Skagit Audubon Society: An Environmental Impact Statement Should be Required

Skagit Audubon Society: An Environmental Impact Statement Should be Required

 August 8, 2019 

Director Hal Hart 

Skagit County Planning and Development Services 

Re: Marblemount Quarry (Kiewit Infrastructure’s proposed quarry operation near Marblemount) 

File numbers PL19-0033, PL19-0047, PL19-0032 & BP19-0070 

Dear Mr. Hart: 

During the public comment period on permitting for Kiewit Infrastructure’s proposed quarry operation near Marblemount, Skagit Audubon Society submitted letters on March 29, 2019, and May 13, 2019. We appreciated the opportunity to review and comment on the proposed project, and we appreciate that in response to concerns expressed by many organizations, agencies, and individuals, Skagit County Planning & Development Services extended the comment period. 

We do want to reiterate our support for a finding that the project is likely to involve significant adverse impacts and that therefore an EIS should be required.

In reviewing the materials submitted by Kiewit Infrastructure, particularly the SEPA Checklist, we were struck by the cursory nature of much of the information provided and by the very significant gaps. We won’t repeat the details of our previously stated concerns here. We do want to reiterate our support for a finding that the project is likely to involve significant adverse impacts and that therefore an EIS should be required. We urge that decisions about permits for the proposed project not be decided until a full environmental impact statement provides the information and analysis needed to enable sound decisions. 

We have read the July 3, 2019, letter from Kiewit Infrastructure’s attorney requesting that your office specify what Kiewit needs to do for its project to be given a mitigated determination of non-significance. In stopping just short of accusing Planning & Development Services of politicizing the SEPA decision, that July 3rd letter appears to ignore the vigorous and widespread public reaction to Kiewit’s proposal. If I understand correctly, the controversial nature of a proposed project is supposed to be a prominent consideration in whether or not to require an EIS. Attention to vigorous public interest is not politicizing; it’s a public agency paying attention to the people it exists to serve. The interests and lives of many people stand to be affected by the proposed project for many years to come. It is entirely appropriate, and more than that, for Planning and Development Services to weigh this reality as seriously as we believe you have in making your decisions on this project. 

Kiewit’s proposal is without question controversial. It is controversial because of the likely adverse impact on residents and the local tourism-based economy, and it is controversial because of something not discussed in Kiewit’s July 3rd letter, the very long, 30 to 100 year duration of the project. And it is
particularly controversial for Skagit Audubon’s over 260 member families because of the very significant potential for negative impacts to wildlife, including listed species.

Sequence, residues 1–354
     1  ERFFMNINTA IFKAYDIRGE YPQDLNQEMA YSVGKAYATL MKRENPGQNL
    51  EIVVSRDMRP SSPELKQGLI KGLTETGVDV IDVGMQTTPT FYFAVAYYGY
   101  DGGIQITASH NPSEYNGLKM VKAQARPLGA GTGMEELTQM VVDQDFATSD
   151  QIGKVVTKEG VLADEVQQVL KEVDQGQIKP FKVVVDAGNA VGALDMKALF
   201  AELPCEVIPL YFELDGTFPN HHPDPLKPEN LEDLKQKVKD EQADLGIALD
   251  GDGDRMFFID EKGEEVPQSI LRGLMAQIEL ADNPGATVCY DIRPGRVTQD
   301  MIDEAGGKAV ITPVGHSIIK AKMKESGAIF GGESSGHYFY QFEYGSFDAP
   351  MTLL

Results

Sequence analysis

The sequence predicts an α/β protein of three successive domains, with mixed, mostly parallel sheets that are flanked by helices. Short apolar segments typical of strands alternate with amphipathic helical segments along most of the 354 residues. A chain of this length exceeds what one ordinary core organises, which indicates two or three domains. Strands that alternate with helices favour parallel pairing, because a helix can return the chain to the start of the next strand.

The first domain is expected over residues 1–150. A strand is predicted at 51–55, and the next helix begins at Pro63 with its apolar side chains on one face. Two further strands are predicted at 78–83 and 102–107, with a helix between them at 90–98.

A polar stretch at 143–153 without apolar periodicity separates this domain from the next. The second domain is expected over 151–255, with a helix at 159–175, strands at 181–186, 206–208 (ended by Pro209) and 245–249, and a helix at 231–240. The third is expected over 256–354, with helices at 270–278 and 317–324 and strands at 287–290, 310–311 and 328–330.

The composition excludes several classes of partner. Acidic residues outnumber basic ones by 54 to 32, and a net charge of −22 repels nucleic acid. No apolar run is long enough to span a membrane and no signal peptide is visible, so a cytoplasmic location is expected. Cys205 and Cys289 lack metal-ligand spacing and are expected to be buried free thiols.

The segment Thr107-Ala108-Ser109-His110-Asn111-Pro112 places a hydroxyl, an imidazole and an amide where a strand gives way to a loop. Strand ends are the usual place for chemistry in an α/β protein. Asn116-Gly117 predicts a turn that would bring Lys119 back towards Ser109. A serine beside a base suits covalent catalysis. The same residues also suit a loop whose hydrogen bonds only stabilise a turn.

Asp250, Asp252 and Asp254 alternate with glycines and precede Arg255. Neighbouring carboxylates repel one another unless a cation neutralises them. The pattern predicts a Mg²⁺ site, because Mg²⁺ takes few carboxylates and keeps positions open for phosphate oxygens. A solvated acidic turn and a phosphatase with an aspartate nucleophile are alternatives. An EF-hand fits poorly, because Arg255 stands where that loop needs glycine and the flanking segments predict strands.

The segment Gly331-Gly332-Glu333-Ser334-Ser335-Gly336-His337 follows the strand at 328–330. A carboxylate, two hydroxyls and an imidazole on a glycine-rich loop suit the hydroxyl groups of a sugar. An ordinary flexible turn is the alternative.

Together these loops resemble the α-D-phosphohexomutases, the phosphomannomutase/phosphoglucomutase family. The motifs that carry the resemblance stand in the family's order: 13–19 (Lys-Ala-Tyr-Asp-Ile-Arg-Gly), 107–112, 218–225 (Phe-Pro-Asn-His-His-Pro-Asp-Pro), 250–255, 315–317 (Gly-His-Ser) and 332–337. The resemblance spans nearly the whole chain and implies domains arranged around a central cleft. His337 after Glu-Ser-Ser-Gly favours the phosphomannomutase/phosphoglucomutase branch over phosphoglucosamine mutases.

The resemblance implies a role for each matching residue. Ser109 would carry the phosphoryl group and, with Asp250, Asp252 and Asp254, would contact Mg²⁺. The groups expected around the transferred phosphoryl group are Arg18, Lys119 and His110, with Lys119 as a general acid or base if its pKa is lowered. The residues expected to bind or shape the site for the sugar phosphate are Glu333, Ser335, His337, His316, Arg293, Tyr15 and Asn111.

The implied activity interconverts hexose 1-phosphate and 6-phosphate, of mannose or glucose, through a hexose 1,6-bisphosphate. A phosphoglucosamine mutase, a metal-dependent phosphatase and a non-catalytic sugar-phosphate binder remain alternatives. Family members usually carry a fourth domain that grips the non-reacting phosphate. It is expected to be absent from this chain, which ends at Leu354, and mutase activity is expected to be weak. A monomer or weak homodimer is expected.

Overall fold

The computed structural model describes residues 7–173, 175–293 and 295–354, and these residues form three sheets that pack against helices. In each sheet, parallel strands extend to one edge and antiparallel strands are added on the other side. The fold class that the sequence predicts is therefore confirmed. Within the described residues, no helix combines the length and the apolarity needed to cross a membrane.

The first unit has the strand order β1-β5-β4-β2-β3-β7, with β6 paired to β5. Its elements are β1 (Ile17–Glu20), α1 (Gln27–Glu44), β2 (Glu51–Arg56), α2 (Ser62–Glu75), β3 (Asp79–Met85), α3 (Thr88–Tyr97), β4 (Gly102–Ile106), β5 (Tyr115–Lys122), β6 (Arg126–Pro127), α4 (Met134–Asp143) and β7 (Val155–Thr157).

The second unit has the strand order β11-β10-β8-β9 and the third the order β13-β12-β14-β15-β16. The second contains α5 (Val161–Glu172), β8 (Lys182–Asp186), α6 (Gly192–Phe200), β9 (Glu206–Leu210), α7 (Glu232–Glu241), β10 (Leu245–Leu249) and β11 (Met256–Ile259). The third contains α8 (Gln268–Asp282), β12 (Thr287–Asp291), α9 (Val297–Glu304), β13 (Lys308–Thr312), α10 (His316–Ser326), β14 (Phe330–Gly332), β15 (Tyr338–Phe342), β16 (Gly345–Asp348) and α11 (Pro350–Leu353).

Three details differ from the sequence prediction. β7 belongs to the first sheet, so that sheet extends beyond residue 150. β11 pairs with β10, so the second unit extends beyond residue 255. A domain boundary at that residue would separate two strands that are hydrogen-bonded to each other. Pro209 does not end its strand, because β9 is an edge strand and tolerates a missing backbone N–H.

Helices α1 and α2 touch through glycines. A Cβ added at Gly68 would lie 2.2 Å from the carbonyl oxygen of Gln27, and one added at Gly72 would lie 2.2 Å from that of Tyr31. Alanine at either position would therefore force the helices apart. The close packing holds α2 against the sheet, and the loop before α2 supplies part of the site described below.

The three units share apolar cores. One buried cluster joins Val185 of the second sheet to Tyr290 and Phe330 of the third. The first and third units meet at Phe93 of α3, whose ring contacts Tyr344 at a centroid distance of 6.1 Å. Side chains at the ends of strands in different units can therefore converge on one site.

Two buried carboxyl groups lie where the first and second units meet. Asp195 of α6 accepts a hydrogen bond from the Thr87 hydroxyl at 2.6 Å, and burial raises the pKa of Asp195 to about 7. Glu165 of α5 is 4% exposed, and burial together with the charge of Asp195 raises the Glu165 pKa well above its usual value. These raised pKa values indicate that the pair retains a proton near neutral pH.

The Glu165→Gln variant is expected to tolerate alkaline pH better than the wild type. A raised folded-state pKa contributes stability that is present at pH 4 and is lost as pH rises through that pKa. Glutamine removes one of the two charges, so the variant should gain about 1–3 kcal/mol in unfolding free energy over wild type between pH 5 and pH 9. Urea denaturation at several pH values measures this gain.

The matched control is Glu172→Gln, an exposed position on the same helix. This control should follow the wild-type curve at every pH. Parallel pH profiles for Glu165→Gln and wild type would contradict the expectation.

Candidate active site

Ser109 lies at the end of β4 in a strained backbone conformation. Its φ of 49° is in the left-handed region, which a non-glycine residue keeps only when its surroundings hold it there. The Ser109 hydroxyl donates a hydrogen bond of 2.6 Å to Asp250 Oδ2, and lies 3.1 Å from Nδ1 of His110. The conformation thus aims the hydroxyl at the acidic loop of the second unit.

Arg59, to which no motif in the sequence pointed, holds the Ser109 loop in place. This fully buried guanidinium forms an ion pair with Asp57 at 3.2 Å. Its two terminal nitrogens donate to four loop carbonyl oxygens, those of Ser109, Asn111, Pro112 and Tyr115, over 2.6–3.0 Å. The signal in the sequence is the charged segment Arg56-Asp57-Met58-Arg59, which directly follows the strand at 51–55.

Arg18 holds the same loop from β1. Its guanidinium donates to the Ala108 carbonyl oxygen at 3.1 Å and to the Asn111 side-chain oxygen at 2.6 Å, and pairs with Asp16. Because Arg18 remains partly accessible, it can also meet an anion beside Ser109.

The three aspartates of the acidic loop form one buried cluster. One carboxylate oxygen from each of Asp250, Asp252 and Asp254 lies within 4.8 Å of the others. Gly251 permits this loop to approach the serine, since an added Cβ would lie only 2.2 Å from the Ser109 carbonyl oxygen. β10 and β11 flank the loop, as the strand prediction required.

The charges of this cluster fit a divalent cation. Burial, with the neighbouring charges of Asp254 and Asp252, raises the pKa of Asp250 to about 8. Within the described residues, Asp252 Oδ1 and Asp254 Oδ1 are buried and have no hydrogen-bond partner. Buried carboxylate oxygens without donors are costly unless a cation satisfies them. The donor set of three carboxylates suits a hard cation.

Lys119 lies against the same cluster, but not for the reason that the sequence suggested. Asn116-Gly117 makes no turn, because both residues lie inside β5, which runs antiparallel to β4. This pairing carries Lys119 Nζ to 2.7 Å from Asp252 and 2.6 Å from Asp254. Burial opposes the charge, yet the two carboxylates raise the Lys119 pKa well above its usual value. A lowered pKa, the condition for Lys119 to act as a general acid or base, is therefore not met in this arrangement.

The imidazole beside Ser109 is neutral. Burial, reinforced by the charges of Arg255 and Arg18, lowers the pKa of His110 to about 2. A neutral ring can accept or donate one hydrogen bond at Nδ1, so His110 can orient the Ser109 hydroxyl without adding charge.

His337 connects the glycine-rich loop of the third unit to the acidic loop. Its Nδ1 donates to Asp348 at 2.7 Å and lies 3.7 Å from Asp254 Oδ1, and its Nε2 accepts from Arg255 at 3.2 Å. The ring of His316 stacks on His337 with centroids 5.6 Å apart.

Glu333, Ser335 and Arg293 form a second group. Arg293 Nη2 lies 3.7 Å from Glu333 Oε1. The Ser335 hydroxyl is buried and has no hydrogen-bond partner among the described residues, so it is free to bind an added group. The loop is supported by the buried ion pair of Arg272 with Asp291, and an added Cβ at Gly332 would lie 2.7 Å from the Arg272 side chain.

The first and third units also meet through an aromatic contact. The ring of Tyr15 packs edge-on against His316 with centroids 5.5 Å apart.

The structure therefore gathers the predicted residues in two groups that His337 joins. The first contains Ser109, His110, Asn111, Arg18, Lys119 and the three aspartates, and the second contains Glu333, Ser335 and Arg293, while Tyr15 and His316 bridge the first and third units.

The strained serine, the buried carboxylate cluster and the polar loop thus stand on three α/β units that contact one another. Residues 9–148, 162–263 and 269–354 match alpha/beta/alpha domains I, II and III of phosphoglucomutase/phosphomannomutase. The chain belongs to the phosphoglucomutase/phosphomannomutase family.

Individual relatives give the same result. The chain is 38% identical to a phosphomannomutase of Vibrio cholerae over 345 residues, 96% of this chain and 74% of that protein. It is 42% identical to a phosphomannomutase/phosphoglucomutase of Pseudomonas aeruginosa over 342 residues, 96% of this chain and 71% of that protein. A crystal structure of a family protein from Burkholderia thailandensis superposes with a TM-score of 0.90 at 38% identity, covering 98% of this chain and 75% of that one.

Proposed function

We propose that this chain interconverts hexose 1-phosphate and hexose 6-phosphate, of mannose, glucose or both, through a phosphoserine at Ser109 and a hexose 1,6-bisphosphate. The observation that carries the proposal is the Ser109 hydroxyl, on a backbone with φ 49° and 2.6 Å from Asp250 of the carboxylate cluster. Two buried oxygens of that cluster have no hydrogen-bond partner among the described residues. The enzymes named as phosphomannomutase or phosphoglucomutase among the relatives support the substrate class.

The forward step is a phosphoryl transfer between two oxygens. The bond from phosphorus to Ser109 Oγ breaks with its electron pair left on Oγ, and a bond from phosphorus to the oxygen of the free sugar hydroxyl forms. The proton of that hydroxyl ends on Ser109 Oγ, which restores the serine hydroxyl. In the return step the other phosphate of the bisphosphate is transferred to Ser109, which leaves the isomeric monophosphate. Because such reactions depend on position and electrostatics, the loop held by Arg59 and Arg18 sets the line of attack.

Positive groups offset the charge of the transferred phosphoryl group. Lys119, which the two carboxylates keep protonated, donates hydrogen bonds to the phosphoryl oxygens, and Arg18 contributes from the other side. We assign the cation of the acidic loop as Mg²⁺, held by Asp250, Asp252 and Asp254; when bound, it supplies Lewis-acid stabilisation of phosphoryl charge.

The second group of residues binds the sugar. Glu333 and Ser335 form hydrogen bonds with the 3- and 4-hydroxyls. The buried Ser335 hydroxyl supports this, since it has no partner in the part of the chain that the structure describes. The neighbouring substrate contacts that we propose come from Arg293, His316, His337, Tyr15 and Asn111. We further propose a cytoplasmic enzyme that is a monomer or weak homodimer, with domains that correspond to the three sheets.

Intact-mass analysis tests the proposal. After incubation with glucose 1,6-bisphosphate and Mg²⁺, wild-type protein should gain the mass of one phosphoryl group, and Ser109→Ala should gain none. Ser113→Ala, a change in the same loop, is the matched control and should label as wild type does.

The Bellingham-based law firm which composed Kiewit’s July 3d letter chose to inform you via its page 3 footnote that, “Skagit County’s rich history, particularly in the Marblemount area, has long been dependent on the natural resource industry.” In fact, over a century has passed since the Marblemount area was significantly dependent on mining or quarrying, and it has now been a very long time that its economy has been based on tourism and the preservation of natural areas, such as North Cascades National Park, the Noisy-Diobsud and other wilderness areas on the Mt. Baker-Snoqualmie National Park, lands protected by the Skagit Land Trust, The Nature Conservancy, etc. There is no question that this proposed project has real potential to be a very long-term detriment to the economy of Marblemount and the well-being of the area residents and wildlife. 

We urge Skagit County to stay the course and leave nothing to chance. The stakes are high. Requiring an environmental impact statement for the proposed project is the right path to follow. 

The July 3rd letter demonstrates Kiewit Infrastructure’s understandable eagerness to minimize concerns and simply push ahead without thorough consideration of all foreseeable impacts of this project. We urge Skagit County to stay the course and leave nothing to chance. The stakes are high. Requiring an environmental impact statement for the proposed project is the right path to follow. 

We appreciate the careful consideration your office is giving to the public input on this proposed project. As we stated in our second comment letter: “The scale, duration, resources at risk, potential effects on health and safety, and the controversial nature of Kiewit Infrastructure’s proposed quarry operation all argue for a determination of likely adverse effects and the preparation of an Environmental Impact Statement for this project.” 

Please keep our organization informed at each stage of the project review, including the opportunities for public oral or written comment. Please use this address for written information: Conservation Chair, Skagit Audubon Society, P.O. Box 1101, Mount Vernon, WA 98274 and this address for emailed notices: conservation@skagitaudubon.org . 

Sincerely, 

Timothy Manns, Conservation Chair, Skagit Audubon Society 

Photo by John Scurlock/Jagged Ridge Imaging

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